Almost all the students, we interacted with, had per-force done an industrial internship. Some had even completed two separate internships. These internships were necessarily connected to their domains of graduation, and the work had an academic mentor. The durations were substantially longer than the norm in India, and the students had to present a serious report at the end of the internship which contributed to their graduation performance. The placement of students into internships was very often through a direct one-on-one relationship between the professor and a stakeholder at the industrial partner (as opposed to a common discipline agnostic intern pool handled by a central placement office, which seems the norm in India) which helped identify the right person for a project. In a number of cases (where we need to collect more data), these internships resulted in job-offers or a joint PhD project should the student decide to go into graduate school. Risk capital and project horizons: There is a feeling that for real success stories to emerge from the innovation ecosystem, the funding agencies (industrial or government) have to have a greater willingness to fail. Many success examples that were narrated to us, were preceded by a project or two with the same researcher that had failed. Lessons were learnt from the failures and eventually a successful project resulted. Of course, this needs a longer horizon commitment to research and freedom from being judged on short term goals for the industrial sponsor. We have heard opinions (justifiable or not) that the Indian Industrial R & D system needs to adjust to take these longer duration risks.

Crucial role of the project stakeholder within the industry: Every joint project needs to have a committed and passionate stakeholder within the industry. It is also useful, if he has the technological maturity to understand and judge the work of the academic partner which often needs up-todate knowledge. Very often, having a good industrial stakeholder is the single largest factor determining the success or failure of the project. At various times during the course of a project, inputs are needed from the industrial hierarchy that can be difficult for the external student or academia to navigate alone. The academic research, on success, needs to be successfully translated and demonstrated in industry , and the role of the industry-stakeholder is imperative. Hence, project -proposals that emerge organically from the stakeholder tend to be more successful.

Pipeline of institutions from basic to translational research: The German ecosystem had several players each focusing on a different stage of research in the technology readiness model. E.g. The Helmholtz, Fraunhofer, Universities, Technical Universities, Max Planck, Startups etc. Unless we develop this entire pipeline, it is difficult for good research to reach the market since specialization has meant that one institution often cannot handle the full chain. One of the notable features of the German model especially in the Fraunhofer system is that the senior functionaries often held a joint appointment at a regional University, facilitating effective interaction with that University.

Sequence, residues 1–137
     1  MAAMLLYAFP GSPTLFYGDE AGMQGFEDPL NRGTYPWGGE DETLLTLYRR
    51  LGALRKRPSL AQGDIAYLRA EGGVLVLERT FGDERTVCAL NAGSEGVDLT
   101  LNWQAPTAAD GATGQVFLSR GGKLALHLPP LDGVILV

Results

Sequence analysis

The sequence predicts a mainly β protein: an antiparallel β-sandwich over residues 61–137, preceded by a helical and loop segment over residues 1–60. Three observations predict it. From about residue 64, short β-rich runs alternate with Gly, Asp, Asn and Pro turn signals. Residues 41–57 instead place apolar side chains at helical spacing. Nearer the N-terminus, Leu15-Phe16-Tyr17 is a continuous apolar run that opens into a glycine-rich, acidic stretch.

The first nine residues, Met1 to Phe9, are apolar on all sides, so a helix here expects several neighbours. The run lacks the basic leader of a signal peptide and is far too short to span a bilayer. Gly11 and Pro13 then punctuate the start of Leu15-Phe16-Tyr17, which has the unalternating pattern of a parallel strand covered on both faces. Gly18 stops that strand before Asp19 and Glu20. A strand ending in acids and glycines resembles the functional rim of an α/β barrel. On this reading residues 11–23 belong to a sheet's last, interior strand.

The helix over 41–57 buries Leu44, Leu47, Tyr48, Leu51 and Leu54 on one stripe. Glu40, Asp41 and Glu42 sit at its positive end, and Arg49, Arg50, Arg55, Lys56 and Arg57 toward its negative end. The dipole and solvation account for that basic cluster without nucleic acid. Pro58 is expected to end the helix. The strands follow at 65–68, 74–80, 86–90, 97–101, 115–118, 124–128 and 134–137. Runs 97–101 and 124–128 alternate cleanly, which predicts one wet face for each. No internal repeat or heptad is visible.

Role of start-ups and spinoffs: The spurt in startups in the Chemicals is a fairly recent trend. The final polishing of a research idea, and converting it into a technology-package is the part that the conventional universities and institutes are often not suitable for. As for e.g. industries want process guarantees that may not fit into the mandate of conventional institutions due to the risk factors and litigation risk involved. Often a PhD student or young researcher can lead such a startup (often with a dual position at the Fraunhofer) which then pays royalties to the parent institution for commercializing technology. We find a gap that needs to be filled by more such startups in the chemicals in India. The research lab is not well suited with the skillset needed to deliver a full technology package. In addition, the traditional chemical engineering curriculum was centred around "processes". But in today's context, "product development" has become increasingly important; and can be a great avenue for entrepreneurship and startups due to relatively modest investment requirements as opposed to traditional chemical manufacturing plants. To equip students to the transition into successful startups and entrepreneurship, the academic curriculum may need necessary changes to add more techno-commercial courses with exposure to business, financial, and legal aspects relevant to commercialization of technical ideas.

Early industrial apprenticeships for undergrad students: Although not universal, we did encounter students who had spent a semester in an industry at the very early stages of their university education. This was more an apprenticeship than an independent internship; but it may play a formative role in enhancing the student's understanding of the industrial setup and an empathy with the characteristics of feasible solutions. e.g. Practice School at MIT. It also develops a work ethic in the student and a willingness to get their hands dirty in labs and workshops. Another skill picked up early on was the ability to work with chemicals, tools (lathes, CNC, milling etc.), and instruments safely.